This is because there is no bound on the number of runs scored whereas there is a bound on the number of runs allowed  zero. It is not possible for a pitcher to be as much better than average as a batter who never makes an out. The upper limit in a batter's performance is to produce an infinite number of runs, which means an infinite number of runs above average and an infinite number of runs above replacement. The best that a pitcher can do is to allow zero runs, which, in a 5.0 run environment, for example, means a pitcher can't be more than 5 runs above average or, say, 7 runs above replacement (if a 7.00ra pitcher is "replacement level"). Which ties back into, yes, a pitcher with a 0.00 ERA is not as good (on a per PA level) as someone putting up a 250 OPS+.
Barry Bonds in 2002 had an offensive winning percentage of .938 (that was his best)  i.e., a team of 9 Barry Bonds and average pitching/defense would have a Pythagorean winning percentage of 0.938.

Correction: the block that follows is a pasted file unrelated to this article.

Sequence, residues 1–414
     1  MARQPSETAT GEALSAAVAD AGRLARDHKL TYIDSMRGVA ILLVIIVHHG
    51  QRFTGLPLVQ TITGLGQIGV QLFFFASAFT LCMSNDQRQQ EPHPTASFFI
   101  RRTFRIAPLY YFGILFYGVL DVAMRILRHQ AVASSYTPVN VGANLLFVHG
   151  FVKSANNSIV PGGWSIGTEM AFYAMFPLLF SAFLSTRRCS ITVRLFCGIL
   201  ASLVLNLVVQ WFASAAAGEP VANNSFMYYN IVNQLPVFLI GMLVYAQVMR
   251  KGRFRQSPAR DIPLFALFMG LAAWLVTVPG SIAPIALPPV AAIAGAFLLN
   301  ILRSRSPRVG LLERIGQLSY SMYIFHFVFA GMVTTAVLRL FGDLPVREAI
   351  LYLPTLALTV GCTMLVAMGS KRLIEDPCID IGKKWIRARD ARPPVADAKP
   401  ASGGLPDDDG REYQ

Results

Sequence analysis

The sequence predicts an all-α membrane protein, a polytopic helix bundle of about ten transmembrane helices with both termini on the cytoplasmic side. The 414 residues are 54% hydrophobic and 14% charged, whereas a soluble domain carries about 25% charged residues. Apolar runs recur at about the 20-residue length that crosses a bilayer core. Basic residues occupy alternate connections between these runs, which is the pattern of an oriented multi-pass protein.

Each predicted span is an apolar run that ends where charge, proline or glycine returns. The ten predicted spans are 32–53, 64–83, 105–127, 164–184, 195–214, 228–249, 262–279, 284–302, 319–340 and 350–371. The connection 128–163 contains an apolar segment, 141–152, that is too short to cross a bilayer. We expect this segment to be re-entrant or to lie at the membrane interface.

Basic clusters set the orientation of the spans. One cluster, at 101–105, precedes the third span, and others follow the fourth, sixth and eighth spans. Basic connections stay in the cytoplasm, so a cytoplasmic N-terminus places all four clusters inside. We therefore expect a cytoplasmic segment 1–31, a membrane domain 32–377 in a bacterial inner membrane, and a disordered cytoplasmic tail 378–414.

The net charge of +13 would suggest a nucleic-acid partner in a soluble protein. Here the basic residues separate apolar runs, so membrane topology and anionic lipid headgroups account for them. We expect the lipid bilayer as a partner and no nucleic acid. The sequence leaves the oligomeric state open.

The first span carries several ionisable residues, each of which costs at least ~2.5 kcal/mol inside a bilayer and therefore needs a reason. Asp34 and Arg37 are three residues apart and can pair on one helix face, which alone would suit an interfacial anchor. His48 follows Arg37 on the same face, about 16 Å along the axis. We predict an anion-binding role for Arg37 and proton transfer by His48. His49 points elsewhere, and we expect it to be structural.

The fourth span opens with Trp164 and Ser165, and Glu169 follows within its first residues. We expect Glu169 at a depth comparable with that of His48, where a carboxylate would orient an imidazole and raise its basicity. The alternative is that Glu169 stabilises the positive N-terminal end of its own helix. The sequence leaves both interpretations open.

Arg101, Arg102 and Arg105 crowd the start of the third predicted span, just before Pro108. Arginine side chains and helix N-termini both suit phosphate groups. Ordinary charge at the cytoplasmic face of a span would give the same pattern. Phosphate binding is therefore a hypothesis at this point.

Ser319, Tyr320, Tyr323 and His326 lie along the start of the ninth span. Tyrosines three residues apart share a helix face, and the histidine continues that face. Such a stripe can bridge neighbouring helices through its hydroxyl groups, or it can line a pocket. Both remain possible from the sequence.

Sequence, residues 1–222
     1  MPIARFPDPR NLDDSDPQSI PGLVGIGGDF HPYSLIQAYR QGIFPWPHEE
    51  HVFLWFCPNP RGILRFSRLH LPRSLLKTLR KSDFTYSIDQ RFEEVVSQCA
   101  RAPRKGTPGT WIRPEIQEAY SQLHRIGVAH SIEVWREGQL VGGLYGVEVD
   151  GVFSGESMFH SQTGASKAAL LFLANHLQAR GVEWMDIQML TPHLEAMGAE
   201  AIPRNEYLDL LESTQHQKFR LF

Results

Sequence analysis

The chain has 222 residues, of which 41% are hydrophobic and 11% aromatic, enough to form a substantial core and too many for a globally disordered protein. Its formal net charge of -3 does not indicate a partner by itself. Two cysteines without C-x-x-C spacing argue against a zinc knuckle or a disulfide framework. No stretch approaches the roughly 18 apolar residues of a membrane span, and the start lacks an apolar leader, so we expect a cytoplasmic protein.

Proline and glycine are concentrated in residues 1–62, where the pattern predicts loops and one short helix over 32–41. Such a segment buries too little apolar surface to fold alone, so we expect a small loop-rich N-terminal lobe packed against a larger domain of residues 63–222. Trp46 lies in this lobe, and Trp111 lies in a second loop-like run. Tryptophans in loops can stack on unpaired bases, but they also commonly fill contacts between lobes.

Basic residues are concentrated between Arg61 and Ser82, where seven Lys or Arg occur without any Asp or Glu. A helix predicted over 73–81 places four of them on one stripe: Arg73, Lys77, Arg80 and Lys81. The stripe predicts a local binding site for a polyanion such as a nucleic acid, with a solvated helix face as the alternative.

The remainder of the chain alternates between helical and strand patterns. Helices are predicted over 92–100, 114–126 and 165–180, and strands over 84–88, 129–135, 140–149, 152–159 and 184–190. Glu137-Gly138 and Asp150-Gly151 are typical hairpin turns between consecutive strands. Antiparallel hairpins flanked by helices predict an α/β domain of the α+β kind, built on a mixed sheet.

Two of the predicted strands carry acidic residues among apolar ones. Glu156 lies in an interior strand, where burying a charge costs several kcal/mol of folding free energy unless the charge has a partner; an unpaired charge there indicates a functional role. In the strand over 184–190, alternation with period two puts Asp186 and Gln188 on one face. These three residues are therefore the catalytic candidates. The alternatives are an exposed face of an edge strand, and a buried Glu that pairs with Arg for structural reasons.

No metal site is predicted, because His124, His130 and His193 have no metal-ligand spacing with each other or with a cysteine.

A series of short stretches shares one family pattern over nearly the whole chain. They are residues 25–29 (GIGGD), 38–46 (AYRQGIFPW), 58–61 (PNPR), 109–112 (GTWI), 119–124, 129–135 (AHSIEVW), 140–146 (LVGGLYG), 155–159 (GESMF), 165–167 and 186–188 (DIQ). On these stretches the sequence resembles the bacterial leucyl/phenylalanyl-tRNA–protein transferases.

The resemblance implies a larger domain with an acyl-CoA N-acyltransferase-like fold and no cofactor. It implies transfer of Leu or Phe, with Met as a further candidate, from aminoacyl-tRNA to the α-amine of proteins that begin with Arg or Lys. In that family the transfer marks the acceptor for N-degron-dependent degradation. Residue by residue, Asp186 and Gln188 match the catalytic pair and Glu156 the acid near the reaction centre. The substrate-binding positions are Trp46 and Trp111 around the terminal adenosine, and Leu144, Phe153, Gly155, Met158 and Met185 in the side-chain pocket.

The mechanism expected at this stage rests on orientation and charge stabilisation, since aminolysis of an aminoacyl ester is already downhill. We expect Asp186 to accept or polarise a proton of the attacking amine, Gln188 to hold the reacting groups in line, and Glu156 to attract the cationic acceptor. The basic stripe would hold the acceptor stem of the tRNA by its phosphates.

Pedro Martinez in 2000 had an ERA of 1.74 in a 5.06 earnedrun environment (1.74*2.91  the latter being his oldERA+ divided by 100). Using PythagPat (so, coeff = (RS+RA)^.28 = 1.71 in this case, ignoring unearned runs), that works out to a winning percentage  given an average offense  of 0.861, which actually overstates Pedro's dominance because it ignores his bullpen. For example, in reality, the Red Sox actually went 218 (0.724) in games started by Pedro that year.
Looking at Bonds's OPS+ of 268 v. Pedro's oldERA+ of 291 makes it look like Pedro was more elite than Barry. But Barry's influence was more extreme as you see in their relative winning percentages (0.938 v. 0.861).
Yes, that's an excellent analogy: ERA+ is definitely as well established as the qwerty keyboard, and adjusting to ERA# would be just as difficult as learning a new keyboard. In fact, ERA+ is more like a keyboard in which some letters are always capitalized while others are always lower casewhich is worth fixing.
The scale is the same. What is true is that a hitter can produce more than 200% as many runs as the average hitter, while it is impossible for a pitcher to give up more than 100% fewer runs. That's just a function of how baseball is played, not a scale problem.